SIMoN
  Sanctuary Integrated Monitoring Network
SIMoN Tools

Species Database

Eudistylia polymorpha - Feather duster worm

Feather duster worm image

Geographic range:

Alaska to southern California

Key features:

Large plume of a single color, usually whitish or golden, and sometimes maroon. Plume retracts very quickly, and a flimsy parchment tube becomes visible, slightly folded at the opening. The closely related Eudistylia vancouveri has transverse banding along the tentacles, which easily differentiates the two species.

Similar species:

Serpula columbiana -- Feather-duster worm
Spirobranchus spinosus -- Christmas tree worm
Eudistylia vancouveri -- Vancouver feather duster worm
Parasabella media -- Parasol worm

Habitat(s):

bay (rocky shore), exposed rocky shore, kelp forest, protected rocky shore
 

Primary common name:

Feather duster worm

General grouping:

Worms

ITIS code:

68110
 

Geographic Range

Range Description:

Occurs from Alaska to southern California, but more common in the southern end of range.

Intertidal Height

Lowest intertidal height:

-0.6006006 meters OR -2 feet

Highest intertidal height:

0 meters OR 0 feet

Intertidal height notes:

Found in tide pools, wedged in crevices or under large boulders.

Subtidal Depth Range

Minimum depth:

0 meters OR 0 feet

Maximum depth:

450 meters OR 1498.5 feet

Subtidal depth notes:

Commonly found on rocky substrate.

Habitats

bay (rocky shore), exposed rocky shore, kelp forest, protected rocky shore

Habitat notes:

Found in rocky habitats, particularly crevices. Uncommon in sand although its congener E. vancouveri is more often seen in sandy areas adjacent to reefs in central California.

Abundance

Relative abundance:

Common in central California.

Species Description

General description:

The obvious feature of this polychaete worm is the large branchial plume, which is a cluster of elongate tentacles that serve as both gills and feeding structure. The tentacles are uniform in color (usually golden, white, or maroon). The tube is made of protein and has a parchment-like consistency, collapsing at the rim as the worm quickly retracts the plume.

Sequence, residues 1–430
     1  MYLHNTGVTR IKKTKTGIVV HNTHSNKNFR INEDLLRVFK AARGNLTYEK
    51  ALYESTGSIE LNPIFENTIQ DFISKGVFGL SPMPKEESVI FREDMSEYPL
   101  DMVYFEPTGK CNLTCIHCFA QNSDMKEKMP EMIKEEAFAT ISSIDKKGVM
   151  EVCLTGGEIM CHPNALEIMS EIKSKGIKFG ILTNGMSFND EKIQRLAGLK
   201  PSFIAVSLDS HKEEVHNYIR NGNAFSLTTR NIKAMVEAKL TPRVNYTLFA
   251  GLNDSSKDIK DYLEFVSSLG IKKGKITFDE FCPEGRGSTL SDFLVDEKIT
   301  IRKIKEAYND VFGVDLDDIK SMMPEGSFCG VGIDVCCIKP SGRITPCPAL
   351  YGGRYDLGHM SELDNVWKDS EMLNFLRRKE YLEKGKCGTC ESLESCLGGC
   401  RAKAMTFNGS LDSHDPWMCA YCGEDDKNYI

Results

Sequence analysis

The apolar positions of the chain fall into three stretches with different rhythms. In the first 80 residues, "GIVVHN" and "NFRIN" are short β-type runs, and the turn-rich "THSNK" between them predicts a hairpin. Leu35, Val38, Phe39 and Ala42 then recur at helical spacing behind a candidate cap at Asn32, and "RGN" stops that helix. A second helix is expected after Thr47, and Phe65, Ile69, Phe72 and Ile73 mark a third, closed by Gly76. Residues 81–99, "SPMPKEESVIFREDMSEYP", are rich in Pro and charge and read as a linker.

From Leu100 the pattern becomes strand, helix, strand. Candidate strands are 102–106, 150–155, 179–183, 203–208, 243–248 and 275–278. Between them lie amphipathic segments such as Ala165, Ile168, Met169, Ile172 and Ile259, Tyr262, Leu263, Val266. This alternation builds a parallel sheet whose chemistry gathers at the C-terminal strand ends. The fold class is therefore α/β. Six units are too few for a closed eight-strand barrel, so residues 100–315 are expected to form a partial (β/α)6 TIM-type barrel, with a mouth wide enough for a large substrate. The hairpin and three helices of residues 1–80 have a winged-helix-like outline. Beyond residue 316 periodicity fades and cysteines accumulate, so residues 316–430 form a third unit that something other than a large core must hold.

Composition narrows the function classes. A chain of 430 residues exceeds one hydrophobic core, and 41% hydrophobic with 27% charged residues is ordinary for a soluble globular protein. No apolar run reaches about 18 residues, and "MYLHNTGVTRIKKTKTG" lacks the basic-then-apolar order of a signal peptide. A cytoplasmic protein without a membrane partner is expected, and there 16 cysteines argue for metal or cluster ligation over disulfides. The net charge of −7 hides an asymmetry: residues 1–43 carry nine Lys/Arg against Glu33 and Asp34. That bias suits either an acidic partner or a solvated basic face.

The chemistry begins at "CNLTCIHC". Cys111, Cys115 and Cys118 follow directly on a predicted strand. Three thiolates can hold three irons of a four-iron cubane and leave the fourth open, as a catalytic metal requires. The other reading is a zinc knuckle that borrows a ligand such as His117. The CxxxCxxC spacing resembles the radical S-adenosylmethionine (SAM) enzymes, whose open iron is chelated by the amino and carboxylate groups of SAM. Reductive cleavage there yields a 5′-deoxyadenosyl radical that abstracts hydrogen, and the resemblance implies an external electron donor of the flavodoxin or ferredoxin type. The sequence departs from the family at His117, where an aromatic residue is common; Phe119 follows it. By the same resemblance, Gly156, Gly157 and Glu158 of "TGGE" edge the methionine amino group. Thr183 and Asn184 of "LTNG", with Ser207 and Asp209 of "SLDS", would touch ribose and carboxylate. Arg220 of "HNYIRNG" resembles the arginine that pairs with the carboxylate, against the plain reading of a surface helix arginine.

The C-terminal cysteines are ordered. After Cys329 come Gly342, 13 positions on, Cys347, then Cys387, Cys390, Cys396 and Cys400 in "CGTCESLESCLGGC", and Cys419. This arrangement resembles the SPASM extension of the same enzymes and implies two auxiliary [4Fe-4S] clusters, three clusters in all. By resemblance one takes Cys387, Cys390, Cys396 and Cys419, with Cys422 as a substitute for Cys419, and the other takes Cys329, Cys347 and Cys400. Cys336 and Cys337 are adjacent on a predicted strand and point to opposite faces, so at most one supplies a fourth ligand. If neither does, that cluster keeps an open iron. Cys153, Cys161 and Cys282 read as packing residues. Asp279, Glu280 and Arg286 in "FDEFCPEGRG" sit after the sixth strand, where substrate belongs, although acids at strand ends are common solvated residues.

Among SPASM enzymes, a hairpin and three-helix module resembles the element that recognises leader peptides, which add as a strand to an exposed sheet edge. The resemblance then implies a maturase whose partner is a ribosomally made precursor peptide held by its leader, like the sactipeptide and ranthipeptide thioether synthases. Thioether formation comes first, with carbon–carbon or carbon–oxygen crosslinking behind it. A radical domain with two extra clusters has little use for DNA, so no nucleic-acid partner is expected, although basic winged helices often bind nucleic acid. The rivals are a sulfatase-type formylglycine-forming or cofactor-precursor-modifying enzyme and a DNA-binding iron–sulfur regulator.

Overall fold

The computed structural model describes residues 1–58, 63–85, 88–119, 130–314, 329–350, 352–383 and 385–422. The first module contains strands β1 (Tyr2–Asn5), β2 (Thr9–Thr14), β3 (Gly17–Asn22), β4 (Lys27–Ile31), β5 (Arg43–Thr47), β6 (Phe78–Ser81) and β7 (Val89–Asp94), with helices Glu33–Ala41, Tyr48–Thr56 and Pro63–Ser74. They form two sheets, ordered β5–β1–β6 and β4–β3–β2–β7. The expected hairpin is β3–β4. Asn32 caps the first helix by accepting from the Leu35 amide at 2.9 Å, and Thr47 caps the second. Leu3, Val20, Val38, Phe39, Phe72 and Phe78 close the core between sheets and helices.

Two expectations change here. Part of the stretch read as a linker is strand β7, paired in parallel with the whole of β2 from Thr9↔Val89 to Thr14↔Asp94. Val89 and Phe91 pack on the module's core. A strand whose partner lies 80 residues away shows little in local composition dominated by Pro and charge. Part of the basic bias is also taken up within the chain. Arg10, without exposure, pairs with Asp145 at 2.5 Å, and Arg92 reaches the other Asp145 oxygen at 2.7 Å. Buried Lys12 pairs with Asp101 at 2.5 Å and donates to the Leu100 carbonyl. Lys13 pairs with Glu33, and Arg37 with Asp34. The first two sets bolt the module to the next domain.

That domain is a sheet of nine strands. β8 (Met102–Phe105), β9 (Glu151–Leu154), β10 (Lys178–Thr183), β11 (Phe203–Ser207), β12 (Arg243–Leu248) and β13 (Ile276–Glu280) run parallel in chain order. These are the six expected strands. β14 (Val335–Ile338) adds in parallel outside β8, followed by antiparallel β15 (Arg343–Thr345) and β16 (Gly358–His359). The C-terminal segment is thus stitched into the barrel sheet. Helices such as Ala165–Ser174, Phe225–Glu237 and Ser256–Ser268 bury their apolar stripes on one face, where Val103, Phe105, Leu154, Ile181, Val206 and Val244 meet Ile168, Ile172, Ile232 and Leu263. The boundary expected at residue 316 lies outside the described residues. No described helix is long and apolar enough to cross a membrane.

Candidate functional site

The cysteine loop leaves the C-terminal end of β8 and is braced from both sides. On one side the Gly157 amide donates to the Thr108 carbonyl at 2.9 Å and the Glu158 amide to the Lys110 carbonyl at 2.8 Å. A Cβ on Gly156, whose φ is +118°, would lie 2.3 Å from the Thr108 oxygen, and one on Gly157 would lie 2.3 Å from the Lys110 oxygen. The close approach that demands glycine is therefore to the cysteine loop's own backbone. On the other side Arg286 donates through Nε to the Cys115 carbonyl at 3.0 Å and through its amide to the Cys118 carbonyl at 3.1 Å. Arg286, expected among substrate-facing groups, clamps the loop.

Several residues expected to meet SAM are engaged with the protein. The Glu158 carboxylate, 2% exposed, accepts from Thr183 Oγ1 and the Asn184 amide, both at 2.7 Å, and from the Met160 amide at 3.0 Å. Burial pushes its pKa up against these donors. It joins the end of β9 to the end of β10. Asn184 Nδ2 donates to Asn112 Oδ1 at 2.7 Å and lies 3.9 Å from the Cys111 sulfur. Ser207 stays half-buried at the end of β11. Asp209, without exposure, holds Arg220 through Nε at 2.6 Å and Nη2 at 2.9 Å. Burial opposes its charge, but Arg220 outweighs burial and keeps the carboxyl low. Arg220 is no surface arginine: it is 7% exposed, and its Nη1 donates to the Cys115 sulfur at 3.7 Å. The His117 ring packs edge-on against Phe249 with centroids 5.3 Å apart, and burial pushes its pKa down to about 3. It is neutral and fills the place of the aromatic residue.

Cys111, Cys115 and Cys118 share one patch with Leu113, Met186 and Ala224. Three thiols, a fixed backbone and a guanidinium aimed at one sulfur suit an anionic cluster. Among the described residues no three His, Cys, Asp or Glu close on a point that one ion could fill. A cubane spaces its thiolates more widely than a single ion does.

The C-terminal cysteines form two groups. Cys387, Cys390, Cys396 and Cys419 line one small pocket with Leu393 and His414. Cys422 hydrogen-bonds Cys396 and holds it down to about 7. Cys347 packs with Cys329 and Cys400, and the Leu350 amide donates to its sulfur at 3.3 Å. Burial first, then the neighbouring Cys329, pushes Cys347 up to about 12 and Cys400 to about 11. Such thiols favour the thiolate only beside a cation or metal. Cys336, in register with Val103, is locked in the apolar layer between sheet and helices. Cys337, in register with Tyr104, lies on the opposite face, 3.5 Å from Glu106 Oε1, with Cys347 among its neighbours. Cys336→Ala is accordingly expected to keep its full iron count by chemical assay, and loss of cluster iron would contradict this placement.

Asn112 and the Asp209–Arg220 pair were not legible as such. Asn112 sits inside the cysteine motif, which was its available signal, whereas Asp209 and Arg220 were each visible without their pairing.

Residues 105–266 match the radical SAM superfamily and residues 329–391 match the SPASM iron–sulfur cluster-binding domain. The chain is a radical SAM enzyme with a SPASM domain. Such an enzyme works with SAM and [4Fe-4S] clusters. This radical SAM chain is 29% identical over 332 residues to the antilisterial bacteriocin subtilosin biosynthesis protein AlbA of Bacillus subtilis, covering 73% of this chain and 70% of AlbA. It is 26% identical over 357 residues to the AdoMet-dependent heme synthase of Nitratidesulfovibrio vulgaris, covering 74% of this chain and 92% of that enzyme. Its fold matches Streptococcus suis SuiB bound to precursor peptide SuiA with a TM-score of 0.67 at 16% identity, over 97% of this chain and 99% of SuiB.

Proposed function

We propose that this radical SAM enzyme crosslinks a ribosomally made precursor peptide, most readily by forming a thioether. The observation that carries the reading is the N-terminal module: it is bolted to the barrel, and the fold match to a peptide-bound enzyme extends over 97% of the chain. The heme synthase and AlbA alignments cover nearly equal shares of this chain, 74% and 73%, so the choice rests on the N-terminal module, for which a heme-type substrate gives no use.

Distinctive features:

Large plume that quickly retracts if disturbed. Tentacles are 1-4 cm long and highly branched along a main axis. The large plume of tentacles are uniform in color. The parchment tube is flimsy and white or tan when not overgrown with other organisms.

Size:

Body up to 25 cm long, although usually only a few cm of the tube is visible. Plume diameter can be 5 cm.

Natural History

General natural history:

The large plume of Eudistylia serves two functions: respiration and feeding. The tentacles are covered with hundreds of cilia that generate a tiny, localized current. Water and suspended particles are swept into the tentacles where they are captured in mucus and then conveyed along the main axis of the tentacle towards the mouth.

The tentacles also bear small, light-sensitive structures that react to changes in light. Shadows and pressure waves cause the worm to rapidly retract the tentacles into the protective cover of the tube. This rapid withdrawal reduces predation on the vulnerable tentacles. The tube extends will into the back of crevices and the entire worm is rarely ever observed.

Predator(s):

Fishes may attempt to bite the plume tentacles. It is not known which species prey upon feather duster worms. However, if the entire worm is exposed, as when rocks are dislodged during storms, their parchment tubes provide no protection from scavenging crabs and carnivorous snails.

Prey:

Feather duster worms feed on suspended particles, including detritus and plankton.

Feeding behavior

Omnivore, Sessile suspension feeder

Feeding behavior notes:

The worm uses cilia to move water through the plume of tentacles, ensnaring particles with both the cilia and with mucus that is secreted. The slime with trapped particles then moves down the tentacle to the mouth, with some sorting taking place.

January - December

Reproduction:

We do not know of any seasonal behavior in reproduction or feeding.
Click on an image below to view a larger version in the SIMoN Photo Library. You will also be able to view important information on each photo such as photographer, date, caption and more.
Lamb, A. and B. P. Hanby. 2005. Marine life of the Pacific Northwest. Harbour Publishing. 398 p.
Morris, R.H., D.P Abbott, and E.C. Haderlie. 1980. Intertidal Invertebrates of California. Stanford University Press, Stanford, California. 690 p.